How do you get the most out of your financial article abstracts? I’m not talking about executive summaries for white papers. I mean formal abstracts that appear at the start of journal articles.
To supercharge your financial article abstracts, you need to know your goal. In Stylish Academic Writing, Helen Sword got me thinking about what your goal should be. She says:
The purpose of a scholarly abstract is not merely to summarize an article’s content, but to persuade one’s discipline-based peers that the research is important and the article is therefore worth reading.
One way that authors strive to assert the importance of their research is to say that it “will plug a ‘gap” in the existing scholarship,” as Sword says. Surely this is important.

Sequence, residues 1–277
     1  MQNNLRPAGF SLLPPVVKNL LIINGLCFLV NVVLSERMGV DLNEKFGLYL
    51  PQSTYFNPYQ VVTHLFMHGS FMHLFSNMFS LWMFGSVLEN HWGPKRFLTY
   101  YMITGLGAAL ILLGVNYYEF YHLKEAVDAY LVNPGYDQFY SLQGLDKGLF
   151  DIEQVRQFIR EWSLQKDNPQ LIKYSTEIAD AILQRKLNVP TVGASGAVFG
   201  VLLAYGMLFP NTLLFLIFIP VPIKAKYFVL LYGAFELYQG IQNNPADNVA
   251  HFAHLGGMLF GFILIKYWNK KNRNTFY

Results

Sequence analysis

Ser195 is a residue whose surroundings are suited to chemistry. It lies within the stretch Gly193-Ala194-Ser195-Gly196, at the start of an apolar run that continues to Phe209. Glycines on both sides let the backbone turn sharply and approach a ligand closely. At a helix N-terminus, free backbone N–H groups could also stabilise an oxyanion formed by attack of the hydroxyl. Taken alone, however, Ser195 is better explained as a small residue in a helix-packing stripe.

But, Sword argues that starting “human conversations” in abstracts may be even more important. “Authors who adopt an impersonal ‘academic’ tone are neglecting one of the most powerfully persuasive tools at the stylish writer’s disposal: the human touch,” she says.
One way to do that is to give “a voice and presences to human subjects,” Sword says. To do this in finance, you might write about the people affected by your research.
Another way is to write in the first person. Use “I” or “we,” instead of writing impersonally.
Sword also pushes for “clear, comprehensible language” in both your abstract and the body of your academic paper.
Another suggestion for your abstract: Describe “not only its what but its why.” Sword asks, “What is the main point of your article, dissertation, or book?” Also, “Why is it important, whether to you or to anyone else?” These are great questions for the writers of any document.
Check out Stylish Academic Writing
Helen Sword’s Stylish Academic Writing isn’t just for academics. It offers advice that will help any nonfiction writer. It also sparked several posts on this blog.
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